He awoke later, drowsy, feeling his bruised head. He groaned, looking around him. The sky was blue, and the people waltzed around, slow buggies coughed along the path, and horse drawn carts clopped by. The grass was green, and a small forest was behind him. Ahead was a park, with a long bench under a gasoline lamp not far from it. Xavier’s mouth was open; he was like that, staring, for a good few minutes. The realization of everything that had happened was stuck in his mind. He was back in time. Again. Katarin was gone; again. He had pulled her into the new world, that strange future, only to have her killed, taken from him, without so much as a scream.
It was his fault! All of it was his fault. He gripped the grass and ripped out a handful, howling in sorrow and helplessness. A man walked not far by, cane in hand. Xavier rushed to his feet, tears in his eyes, to the man.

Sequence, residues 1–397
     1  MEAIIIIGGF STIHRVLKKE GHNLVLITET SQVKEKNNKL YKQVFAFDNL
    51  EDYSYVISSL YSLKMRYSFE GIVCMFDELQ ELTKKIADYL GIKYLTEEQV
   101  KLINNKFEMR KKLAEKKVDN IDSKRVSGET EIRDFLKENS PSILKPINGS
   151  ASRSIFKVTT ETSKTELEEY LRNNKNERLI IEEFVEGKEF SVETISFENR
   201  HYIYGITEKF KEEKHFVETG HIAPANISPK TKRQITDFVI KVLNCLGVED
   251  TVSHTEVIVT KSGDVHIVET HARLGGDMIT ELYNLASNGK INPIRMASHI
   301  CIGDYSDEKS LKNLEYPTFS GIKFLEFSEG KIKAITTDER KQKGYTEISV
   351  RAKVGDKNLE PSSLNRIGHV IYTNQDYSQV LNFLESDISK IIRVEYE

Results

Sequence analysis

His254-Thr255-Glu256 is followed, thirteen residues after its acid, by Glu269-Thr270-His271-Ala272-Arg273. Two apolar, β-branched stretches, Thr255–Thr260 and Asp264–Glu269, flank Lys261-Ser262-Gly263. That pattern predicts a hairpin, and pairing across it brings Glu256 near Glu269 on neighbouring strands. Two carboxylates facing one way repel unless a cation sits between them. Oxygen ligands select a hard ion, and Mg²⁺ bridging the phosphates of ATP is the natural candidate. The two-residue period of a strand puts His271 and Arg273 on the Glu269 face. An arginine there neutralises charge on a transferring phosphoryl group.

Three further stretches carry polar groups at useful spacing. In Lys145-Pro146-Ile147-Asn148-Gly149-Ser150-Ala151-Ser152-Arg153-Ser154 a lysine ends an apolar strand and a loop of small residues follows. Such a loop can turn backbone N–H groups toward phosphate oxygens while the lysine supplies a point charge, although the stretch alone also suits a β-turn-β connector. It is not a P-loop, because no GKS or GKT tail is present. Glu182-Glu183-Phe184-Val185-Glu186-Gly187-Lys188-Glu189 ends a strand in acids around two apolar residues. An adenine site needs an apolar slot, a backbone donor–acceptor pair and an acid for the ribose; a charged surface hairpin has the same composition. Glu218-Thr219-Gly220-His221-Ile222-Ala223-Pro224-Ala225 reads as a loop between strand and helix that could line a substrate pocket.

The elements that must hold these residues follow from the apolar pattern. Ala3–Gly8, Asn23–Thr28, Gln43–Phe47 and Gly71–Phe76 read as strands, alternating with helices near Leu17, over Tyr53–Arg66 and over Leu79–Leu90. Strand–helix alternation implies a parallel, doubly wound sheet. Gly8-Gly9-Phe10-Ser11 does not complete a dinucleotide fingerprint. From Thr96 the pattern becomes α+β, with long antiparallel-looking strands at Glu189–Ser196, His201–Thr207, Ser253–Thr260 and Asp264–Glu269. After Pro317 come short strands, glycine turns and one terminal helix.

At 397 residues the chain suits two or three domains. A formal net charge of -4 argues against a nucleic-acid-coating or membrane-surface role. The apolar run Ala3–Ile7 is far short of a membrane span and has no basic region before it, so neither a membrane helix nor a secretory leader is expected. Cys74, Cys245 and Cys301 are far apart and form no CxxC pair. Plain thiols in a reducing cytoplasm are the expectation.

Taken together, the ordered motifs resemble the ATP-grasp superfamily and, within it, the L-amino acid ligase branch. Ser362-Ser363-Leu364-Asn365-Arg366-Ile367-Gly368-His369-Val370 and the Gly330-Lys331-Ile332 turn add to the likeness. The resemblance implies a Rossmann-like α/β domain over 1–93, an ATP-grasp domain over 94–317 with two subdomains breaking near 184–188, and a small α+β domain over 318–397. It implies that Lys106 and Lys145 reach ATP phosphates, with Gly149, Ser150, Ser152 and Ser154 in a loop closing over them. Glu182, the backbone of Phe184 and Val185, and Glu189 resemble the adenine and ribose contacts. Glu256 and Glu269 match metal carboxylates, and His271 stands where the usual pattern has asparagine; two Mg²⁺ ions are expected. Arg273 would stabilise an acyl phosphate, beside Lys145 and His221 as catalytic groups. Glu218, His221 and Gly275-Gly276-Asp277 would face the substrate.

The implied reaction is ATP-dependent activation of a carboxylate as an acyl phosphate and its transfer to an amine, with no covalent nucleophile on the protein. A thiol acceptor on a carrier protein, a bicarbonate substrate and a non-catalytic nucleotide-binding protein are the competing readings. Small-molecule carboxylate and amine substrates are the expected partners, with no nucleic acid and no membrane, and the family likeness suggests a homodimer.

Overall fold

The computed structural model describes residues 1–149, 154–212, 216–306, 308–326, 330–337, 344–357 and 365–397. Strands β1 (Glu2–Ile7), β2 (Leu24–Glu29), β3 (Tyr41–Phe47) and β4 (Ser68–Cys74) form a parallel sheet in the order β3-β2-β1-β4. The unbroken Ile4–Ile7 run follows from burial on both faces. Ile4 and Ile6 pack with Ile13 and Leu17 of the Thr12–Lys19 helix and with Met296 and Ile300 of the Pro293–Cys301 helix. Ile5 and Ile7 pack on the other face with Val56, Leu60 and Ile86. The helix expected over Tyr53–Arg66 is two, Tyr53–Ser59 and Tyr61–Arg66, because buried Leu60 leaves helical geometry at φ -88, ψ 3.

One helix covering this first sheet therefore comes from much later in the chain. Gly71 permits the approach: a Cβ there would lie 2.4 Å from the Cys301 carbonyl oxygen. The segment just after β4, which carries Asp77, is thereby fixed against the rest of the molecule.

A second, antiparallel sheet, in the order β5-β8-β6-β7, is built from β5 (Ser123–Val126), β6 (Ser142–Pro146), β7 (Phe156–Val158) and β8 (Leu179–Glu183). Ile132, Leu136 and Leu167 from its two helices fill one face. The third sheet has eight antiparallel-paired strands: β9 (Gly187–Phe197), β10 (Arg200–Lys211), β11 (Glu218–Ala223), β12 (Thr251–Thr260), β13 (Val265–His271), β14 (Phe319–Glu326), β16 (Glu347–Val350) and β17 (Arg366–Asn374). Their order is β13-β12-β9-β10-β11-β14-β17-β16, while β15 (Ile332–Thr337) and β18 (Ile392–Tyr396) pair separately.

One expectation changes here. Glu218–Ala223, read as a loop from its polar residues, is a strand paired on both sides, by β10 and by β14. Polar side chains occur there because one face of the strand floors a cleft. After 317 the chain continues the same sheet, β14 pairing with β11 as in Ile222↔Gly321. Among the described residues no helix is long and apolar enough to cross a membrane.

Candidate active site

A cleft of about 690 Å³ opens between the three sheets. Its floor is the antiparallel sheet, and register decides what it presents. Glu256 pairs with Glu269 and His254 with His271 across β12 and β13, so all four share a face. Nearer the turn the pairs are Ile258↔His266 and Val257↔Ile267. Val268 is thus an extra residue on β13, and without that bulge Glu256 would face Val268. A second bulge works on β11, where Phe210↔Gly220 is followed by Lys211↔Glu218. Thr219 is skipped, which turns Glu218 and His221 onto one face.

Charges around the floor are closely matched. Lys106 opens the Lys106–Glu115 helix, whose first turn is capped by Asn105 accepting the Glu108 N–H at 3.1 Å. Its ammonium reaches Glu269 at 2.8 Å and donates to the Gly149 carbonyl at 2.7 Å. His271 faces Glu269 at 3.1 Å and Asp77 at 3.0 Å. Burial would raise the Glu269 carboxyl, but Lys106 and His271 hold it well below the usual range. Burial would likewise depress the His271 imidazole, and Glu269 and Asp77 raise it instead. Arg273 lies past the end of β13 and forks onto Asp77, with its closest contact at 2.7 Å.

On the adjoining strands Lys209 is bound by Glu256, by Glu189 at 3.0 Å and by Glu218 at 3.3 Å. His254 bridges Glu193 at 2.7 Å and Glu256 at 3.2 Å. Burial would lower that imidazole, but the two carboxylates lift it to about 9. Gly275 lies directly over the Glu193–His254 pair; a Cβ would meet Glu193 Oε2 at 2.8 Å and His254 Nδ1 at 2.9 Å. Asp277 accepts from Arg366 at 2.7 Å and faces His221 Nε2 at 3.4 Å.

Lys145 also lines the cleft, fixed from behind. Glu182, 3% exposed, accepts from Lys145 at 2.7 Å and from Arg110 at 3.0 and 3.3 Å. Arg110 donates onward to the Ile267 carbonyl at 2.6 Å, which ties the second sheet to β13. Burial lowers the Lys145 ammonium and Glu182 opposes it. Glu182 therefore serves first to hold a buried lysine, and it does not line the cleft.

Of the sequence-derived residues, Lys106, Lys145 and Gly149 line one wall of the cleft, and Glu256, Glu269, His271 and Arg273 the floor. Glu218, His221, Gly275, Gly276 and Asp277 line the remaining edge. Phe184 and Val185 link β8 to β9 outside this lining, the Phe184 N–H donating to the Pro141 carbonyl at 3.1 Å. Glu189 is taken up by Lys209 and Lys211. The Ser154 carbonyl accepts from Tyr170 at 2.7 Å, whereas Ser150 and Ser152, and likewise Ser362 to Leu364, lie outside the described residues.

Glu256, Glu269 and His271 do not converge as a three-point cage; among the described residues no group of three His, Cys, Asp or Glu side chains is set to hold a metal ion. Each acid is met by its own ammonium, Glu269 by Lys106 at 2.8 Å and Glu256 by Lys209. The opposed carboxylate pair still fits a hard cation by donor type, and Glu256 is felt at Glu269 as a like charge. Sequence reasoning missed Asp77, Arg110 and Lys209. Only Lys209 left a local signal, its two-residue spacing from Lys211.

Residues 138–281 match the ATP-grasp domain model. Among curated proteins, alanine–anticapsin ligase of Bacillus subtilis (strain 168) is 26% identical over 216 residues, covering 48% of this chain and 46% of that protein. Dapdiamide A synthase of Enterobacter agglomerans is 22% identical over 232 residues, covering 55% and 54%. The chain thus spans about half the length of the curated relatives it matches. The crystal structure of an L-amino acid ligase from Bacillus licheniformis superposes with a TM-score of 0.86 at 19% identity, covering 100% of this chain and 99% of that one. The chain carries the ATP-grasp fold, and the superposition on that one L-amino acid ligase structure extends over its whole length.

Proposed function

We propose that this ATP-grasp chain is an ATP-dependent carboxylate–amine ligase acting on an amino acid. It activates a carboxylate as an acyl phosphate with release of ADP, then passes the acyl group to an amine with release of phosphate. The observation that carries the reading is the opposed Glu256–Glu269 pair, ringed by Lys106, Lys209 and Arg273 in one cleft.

“What day is it?” He barked.
“Tuesday, man,” He answered, stepping back, eyes wide.
Xavier took to the streets, feet pounding the earth, yet again. She was still alive, he knew it. Dusk, however, was closer than it was last time. How long had he been out? He raced through the streets, more frenzied than ever, to reach her. At last, he pounded on the door in rapid succession. The maid opened it, looking slandered.
“Where…Katarin?!” He panted, gripping his knees with unrelenting anticipation.
“Miss Katarin?” She paused, looking him over in disdain. “She went to the market with her mother. I think she had been waiting for you,” She said, pursing her lips.